The Man from Beijing is a large-scale, global thriller. It describes and links events across time and space. A mass murder in Sweden in 2006. Chinese railroad workers in America in the 1860’s. Chinese neo-colonialism in Africa. It is all here. And the dots are very properly connected in Mankell’s grandiose plot.
Henning Mankell, the author of the internationally renowned crime fiction series about Detective Kurt Wallander, recently featured on TV both in England and in the US in a BBC television series starring Kenneth Branagh as Wallander, is an exceptional writer. He has sold more than 30 million books in 39 languages. In this book, he is seemingly guided by an analysis of the future world role of the Chinese.
This is an electrifying stand-alone thriller that takes off into a sweeping international drama. It starts in January 2006. In the Swedish hamlet of Hesjövallen. First a savagely murdered man is found lying in the snow. As they begin their investigation the police notice that the village seems eerily quiet and deserted. Going from house to house, looking for witnesses, they uncover a crime unprecedented in Swedish history. Nineteen people have been massacred. In Sweden!
The only clues are a red ribbon and an old, nineteenth-century diary found at the scene. Judge Birgitta Roslin has particular reason to be shocked: her grandparents, the Andréns, are among the victims. The police insist that only a lunatic could have committed the murders.
But when Birgitta discovers the diary of another Andrén—a gang master on the American transcontinental railway in the nineteenth century—that describes the cruel treatment of Chinese slave-workers, she is determined to uncover what she suspects is a more complicated truth.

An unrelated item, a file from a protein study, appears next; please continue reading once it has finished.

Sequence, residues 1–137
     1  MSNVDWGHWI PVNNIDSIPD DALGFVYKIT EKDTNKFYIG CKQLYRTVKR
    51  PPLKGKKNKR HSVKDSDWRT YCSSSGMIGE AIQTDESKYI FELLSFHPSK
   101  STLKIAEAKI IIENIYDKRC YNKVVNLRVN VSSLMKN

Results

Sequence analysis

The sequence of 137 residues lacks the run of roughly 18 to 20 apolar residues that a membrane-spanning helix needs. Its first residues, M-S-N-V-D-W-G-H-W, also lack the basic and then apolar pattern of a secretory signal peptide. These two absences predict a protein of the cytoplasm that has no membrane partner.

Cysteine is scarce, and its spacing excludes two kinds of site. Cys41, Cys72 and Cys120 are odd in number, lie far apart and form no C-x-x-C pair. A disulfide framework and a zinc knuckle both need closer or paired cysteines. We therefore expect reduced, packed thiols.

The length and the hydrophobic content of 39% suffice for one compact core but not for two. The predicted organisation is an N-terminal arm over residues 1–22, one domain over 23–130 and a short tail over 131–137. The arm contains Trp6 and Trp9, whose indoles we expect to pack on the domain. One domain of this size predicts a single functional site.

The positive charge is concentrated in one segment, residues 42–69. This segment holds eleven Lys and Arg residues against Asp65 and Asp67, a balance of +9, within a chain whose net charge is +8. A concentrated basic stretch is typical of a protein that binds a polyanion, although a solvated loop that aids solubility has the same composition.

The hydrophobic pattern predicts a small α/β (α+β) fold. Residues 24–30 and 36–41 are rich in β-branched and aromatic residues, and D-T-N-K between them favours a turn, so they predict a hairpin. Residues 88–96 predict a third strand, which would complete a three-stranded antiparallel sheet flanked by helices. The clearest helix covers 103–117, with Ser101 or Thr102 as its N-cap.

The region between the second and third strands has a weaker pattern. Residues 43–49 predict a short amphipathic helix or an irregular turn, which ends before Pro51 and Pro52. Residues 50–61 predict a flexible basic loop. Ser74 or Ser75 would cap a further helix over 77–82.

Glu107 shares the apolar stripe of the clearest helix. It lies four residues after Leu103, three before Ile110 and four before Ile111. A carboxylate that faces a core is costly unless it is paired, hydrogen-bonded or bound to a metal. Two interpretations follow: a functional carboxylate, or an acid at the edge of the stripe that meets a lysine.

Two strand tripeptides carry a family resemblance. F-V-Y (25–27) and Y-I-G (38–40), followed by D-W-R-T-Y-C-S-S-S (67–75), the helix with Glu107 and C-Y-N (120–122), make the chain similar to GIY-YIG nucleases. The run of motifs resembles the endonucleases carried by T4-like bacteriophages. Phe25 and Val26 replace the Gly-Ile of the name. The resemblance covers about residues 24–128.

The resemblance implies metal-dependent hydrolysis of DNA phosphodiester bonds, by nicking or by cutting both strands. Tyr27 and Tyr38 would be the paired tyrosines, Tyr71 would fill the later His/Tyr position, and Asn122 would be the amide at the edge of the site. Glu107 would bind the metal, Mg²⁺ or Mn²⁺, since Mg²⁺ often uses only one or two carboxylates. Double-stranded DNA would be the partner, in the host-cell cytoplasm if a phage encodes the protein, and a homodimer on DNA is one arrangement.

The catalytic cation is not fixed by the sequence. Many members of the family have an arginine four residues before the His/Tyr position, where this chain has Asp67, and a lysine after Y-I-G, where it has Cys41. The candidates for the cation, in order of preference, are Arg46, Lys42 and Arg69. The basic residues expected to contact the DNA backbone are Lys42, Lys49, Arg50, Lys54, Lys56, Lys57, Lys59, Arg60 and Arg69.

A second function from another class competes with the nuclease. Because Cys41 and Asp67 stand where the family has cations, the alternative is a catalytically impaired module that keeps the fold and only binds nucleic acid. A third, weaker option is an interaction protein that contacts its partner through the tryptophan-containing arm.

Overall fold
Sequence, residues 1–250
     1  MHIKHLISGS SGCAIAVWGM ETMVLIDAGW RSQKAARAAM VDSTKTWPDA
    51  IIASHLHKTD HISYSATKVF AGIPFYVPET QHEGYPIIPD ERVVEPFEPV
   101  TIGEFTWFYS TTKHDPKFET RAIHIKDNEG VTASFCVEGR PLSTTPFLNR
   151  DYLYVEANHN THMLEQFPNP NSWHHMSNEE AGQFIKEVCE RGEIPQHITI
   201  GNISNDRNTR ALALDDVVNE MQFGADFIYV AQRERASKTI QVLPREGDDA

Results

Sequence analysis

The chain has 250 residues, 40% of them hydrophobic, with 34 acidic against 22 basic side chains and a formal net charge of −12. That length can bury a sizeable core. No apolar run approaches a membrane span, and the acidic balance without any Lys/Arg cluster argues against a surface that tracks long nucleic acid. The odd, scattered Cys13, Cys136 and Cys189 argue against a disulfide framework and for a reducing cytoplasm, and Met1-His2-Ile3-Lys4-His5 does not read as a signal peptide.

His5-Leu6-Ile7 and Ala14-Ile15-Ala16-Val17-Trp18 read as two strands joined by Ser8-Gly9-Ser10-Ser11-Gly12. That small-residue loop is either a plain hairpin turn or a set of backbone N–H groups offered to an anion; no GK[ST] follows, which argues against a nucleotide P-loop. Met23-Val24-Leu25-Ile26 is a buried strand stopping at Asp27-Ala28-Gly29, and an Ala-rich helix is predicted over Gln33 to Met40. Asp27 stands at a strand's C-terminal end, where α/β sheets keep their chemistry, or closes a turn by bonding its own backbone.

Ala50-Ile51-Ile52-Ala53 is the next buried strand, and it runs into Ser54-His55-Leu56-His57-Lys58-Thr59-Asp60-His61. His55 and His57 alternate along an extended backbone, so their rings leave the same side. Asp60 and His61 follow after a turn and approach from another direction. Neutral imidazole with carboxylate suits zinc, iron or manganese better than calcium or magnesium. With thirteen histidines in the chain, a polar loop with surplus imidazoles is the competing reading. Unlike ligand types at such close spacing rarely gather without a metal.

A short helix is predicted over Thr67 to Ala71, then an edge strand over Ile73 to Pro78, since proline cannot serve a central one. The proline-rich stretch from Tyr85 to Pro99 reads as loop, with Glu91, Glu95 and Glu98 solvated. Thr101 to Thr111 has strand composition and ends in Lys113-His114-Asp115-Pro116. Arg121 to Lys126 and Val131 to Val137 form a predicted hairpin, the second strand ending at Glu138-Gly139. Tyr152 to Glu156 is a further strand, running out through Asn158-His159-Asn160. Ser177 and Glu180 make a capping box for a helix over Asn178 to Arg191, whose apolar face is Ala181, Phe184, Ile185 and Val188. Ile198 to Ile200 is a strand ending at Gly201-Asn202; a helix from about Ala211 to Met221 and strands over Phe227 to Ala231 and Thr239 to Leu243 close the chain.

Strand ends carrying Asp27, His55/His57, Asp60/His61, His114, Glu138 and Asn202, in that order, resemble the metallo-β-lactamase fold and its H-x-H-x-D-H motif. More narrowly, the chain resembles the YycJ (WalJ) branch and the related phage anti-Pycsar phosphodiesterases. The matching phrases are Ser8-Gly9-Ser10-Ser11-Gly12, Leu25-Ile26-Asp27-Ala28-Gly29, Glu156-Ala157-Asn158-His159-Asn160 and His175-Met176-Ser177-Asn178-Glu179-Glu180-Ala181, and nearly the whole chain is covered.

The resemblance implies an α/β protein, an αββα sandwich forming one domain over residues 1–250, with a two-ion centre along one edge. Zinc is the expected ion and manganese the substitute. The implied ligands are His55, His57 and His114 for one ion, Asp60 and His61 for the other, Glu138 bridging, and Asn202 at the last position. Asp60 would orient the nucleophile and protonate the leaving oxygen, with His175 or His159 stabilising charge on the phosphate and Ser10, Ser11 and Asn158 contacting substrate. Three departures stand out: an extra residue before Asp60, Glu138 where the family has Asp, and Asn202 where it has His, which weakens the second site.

The investigation leads to modern-day Beijing and its highest echelons of power, to Zimbabwe and Mozambique. But the narrative also takes us back 150 years, into a history that will ensnare Birgitta as she draws ever closer to solving the Hesjövallen murders. Birgitta uncovers an international web of corruption and a story of vengeance that stretches back over a hundred years, linking China and the USA of the 1860s with modern-day Beijing, Zimbabwe and Mozambique, and coming to a shocking climax in London’s Chinatown.
The Man from Beijing is masterfully written. Mankell skillfully links together events and people into a coherent tale – a tale of something which could possibly have happened. And the book is very suspenseful and mostly moves fast. Here and there, however, Mankell breaks the pace a little because he has something he wants to tell. Even so, The Man from Beijing shows Henning Mankell at the height of his powers, handling a broad historical canvas and pressing international issues with his exceptional gifts for insight and chilling suspense.
I loved reading the book (in Swedish). I have not seen the translated version yet, so I don’t know anything about the quality of it in this case. In Swedish, the language was excellent, and it was clear that this was a tale Mankell was happy to tell. The images and symbolism are great and intelligent. There is a lot of tension and nerve in the book, and it is very exciting to read. To my mind, this is one of the best Mankell books of the last decade.
The Man from Beijing is a perceptive political thriller and a compelling detective story.